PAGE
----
Well-balanced combat

It helps too that the combat strikes the right balance between challenge and fun. The developers have gone the “easy to play, difficult to master” route as there are a number of simple combos you can use and chain together. Once you get the hang of it (which doesn’t take very long) you’ll be carving through bandits one after the other. There are throwing knives and no doubt other combat aids in store for the final release but the main show is the swordplay. And it’s a pretty damn good show.

You can execute a finishing move that’s just the right amount of realistic but dramatic. Japanese media has a bit of a thing when it comes to people getting killed with swords - they tend to burst like over-ripe mellons, spraying about a bazillion gallons of blood all over the place. There’s just a touch of that here with black clouds of arterial spray exiting your foes as your sword enters them. But it’s nothing so dramatic as what you’d find in a second rate anime.

I didn’t get to experience a ton of story content so I can’t say until I play the full game how it’ll shake out, but what I saw looked promising. It doesn’t seem as if there’s going to be sidequests; though I’ll happily be wrong if you end up being able to step off the story’s main path at times to get in the mix with the locals a la Ghost of Tsushima. While not outright copying Ghost, Trek can take some of the proven lessons of that game and incorporate them nicely into a side-scroller. Besides, the comparison between the two is going to be inevitable.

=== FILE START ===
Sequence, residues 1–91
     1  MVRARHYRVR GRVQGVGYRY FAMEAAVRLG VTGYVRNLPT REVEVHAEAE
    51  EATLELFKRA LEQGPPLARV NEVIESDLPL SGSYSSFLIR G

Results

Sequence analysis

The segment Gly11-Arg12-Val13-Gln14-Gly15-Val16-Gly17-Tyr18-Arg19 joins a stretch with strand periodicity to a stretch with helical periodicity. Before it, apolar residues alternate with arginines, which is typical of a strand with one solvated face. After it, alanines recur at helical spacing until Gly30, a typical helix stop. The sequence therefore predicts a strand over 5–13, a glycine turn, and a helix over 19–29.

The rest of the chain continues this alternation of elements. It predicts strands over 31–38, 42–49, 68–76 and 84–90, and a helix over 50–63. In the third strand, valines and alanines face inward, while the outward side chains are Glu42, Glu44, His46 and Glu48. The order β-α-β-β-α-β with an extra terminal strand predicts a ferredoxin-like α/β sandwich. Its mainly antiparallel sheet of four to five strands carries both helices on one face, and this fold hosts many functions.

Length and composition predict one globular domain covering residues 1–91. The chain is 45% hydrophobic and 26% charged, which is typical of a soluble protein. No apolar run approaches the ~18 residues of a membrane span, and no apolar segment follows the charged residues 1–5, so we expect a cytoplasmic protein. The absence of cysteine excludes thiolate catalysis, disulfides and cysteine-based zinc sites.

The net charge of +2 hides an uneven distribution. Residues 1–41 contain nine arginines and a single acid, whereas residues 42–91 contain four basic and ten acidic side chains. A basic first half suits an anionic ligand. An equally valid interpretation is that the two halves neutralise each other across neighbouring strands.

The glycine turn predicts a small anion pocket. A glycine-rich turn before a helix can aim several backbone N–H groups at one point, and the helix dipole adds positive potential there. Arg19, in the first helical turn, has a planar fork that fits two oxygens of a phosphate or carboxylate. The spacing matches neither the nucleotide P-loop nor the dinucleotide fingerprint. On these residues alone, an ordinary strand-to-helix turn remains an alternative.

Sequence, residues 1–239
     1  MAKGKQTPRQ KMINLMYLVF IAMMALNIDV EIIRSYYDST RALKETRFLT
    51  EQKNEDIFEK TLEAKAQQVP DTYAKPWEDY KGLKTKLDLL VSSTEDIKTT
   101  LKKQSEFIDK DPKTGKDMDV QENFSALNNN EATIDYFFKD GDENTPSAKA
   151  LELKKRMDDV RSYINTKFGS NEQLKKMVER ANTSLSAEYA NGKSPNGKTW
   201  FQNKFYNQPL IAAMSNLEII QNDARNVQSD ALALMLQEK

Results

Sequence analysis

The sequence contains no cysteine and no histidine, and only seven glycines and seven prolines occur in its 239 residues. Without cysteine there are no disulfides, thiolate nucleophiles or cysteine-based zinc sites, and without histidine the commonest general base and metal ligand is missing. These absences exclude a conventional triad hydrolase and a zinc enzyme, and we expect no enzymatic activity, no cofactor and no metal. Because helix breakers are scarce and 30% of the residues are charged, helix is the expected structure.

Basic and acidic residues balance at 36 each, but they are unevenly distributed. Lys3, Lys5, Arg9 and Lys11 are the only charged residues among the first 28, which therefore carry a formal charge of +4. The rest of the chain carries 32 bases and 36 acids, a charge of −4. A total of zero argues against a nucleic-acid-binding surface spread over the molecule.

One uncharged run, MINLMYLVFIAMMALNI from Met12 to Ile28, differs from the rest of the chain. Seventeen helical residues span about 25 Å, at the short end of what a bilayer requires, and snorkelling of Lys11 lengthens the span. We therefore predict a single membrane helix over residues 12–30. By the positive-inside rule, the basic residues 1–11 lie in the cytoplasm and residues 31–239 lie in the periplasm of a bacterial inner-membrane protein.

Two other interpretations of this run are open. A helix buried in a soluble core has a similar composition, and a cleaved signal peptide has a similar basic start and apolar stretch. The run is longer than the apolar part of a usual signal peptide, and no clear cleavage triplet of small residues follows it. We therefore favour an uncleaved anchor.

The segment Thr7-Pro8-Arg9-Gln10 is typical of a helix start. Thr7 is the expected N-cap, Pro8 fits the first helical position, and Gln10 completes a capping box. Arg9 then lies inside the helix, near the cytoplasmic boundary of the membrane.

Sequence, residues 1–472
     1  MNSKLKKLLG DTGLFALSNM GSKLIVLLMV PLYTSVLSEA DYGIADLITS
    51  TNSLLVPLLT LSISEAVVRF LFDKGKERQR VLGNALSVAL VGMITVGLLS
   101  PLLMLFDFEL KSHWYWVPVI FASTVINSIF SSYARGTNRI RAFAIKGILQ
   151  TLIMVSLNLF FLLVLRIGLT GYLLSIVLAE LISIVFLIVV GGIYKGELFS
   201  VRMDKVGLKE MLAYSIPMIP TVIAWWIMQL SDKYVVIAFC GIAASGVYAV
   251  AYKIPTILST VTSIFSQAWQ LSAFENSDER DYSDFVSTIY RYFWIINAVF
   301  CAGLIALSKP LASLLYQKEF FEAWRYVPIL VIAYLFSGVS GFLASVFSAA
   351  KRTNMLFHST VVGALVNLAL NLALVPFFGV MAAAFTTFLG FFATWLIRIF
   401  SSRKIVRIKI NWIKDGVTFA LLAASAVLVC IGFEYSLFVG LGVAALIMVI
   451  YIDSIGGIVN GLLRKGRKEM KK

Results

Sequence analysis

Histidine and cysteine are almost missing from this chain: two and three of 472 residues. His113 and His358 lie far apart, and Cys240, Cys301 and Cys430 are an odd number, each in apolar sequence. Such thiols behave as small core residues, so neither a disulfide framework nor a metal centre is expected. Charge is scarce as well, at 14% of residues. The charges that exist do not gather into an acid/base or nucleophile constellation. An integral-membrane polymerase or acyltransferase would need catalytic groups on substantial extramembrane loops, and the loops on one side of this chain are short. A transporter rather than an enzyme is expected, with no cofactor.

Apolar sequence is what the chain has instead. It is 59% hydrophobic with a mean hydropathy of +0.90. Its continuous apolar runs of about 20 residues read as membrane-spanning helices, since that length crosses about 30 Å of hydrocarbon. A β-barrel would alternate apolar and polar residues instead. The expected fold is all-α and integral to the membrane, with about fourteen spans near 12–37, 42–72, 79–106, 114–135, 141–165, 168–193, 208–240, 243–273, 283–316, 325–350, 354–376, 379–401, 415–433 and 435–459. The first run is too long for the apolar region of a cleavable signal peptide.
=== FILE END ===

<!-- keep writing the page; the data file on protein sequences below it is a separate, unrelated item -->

Trek to Yomi does not officially have a release date yet but I’ll be looking forward to when it finally does. There’s a lot of games out now that are just explosions and a lot of gunfire. It’s nice to be able to slow down every once and a while and take in an experience. If it’s a cinematic samurai story with brutal and bloody combat - all the better.

Alexander Eriksen

Alexander Eriksen

Alex is a gaming industry veteran of institutions like GameSpot and Twitch. His work has been published on GameCrate, Yahoo News, and The Wall Street Journal. Twitter: @Alexplaysvg


Valheim - the Hot New Online Survival
Valheim - the Hot New Online Survival

game preview

Survival games have been wildly popular, but not many of them absolutely conquered hearts and minds of hundreds of thousands of players, getting 96% positive reviews out of almost 17 thousand. What's all the fuss about? Valheim .

Yandere Simulator hands-on – Hitman in a skirt or a rather disturbing high-school murder sim
Yandere Simulator hands-on – Hitman in a skirt or a rather disturbing high-school murder sim

game preview

Yandere Simulator may be one of the weirdest and most disturbing among the games which are currently developed. While it originated in the USA, it’s got a distinct, and intentional, vibe of a morbid Japanese curiosity.

Forever Skies Preview: A Cozy Apocalypse
Forever Skies Preview: A Cozy Apocalypse

game preview

The demo for Far From Home’s debut release, Forever Skies is now available on Steam, and while it’s a short demo, it shows some serious promise.

See/Add Comments